The British Museum has a specific set of design guidelines. I wanted to stay within their guidelines in order to make the app feel as though it were a part of the brand - therefore giving people a sense of congruency - but I also wanted to add my own spin to it. I wanted the app to be approachable and friendly looking, while retaining a sense of dignity that would need to be retained to be seen as apart of the museum's branding. Therefore, I stuck with their black and white color combination, while also adding dashes of bright colors (with a heavy emphasis on yellow and an orangey red to make it feel approachable), a lot of negative white space to make it easy to read while on the go, and I tried to have images pop off the page in an effort to grab attention and look visually appealing.
Once I had an idea about the general layout, color scheme, and overall feeling for the app I needed to organize myself. I create a UI kit to help myself when designing, but also to make the visual style easy for somebody else to incorporate.
So how did it all flow together? Well, below, you will find that I have showcased high fidelity wireframe flows that address specific research findings. Please note that these are only a select few of the many flows I designed for, but I wanted to give you an idea about my thought process for solving some of these concerns/motivations. If you want to check the app in full detail, there will be a prototype you can use in the next section.
One of the goals museum goers had would be to learn something new while at a museum. Additionally, some people had nostalgic memories of interactivity and fun at the museum! In order to bring interactivity and immersion to their experience, I decided upon using AR as I have seen it effectively used in places like Disneyland to engage users while waiting in lines. In order to do this effectively for a museum, I introduced an easter egg system. In this system, users would see the cube icon (in this example, on an audio tour) which would clue them in that there was a hidden secret on this piece. What if you were in an exhibit about Egyptian Mummies and clicked on the cube icon? You would be directed to hold up your phone and the AR would unveil the hidden mummy underneath. In this way, users could experience the museum on a different level and have a more intimate knowledge of the pieces than they would otherwise have.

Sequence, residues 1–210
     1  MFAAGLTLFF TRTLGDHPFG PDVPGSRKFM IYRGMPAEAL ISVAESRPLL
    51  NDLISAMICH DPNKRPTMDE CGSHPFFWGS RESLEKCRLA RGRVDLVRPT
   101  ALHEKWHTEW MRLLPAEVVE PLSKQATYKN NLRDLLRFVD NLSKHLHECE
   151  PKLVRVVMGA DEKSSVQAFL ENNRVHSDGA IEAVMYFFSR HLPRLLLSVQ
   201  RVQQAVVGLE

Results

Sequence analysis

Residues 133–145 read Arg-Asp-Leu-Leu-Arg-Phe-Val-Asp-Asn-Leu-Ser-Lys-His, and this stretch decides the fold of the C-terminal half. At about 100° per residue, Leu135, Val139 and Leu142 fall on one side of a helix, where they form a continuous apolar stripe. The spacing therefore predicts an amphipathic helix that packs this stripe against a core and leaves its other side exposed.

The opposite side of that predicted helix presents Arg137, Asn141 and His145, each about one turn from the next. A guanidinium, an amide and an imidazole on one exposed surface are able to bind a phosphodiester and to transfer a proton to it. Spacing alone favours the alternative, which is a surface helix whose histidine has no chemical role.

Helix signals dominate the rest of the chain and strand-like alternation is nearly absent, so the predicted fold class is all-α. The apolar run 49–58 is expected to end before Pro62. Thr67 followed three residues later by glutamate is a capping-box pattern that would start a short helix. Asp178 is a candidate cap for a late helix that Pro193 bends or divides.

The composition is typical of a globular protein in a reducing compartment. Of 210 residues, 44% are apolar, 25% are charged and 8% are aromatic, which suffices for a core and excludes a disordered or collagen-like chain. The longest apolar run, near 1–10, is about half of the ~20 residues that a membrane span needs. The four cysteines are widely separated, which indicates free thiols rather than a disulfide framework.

People wanted to maximize their time spent at the museum, and additionally avoid large crowds. Therefore, the solution I came with in order to solve this was to build a virtual queue system. The idea is simple, users could add themselves to a virtual queue for pieces/exhibits that had long lines. Then, they could wander the rest of the museum while they “waited” in line. Once their group was called, they would get a push notification alerting them that their group was up and to make their way to the exhibit/piece. From there, they would show a QR code to the attendant who would let them in. If you notice, there is also a time limit for when the code would remain active. This is to ensure that people did not hold onto these codes all day, and remove the effectiveness of the crowd control.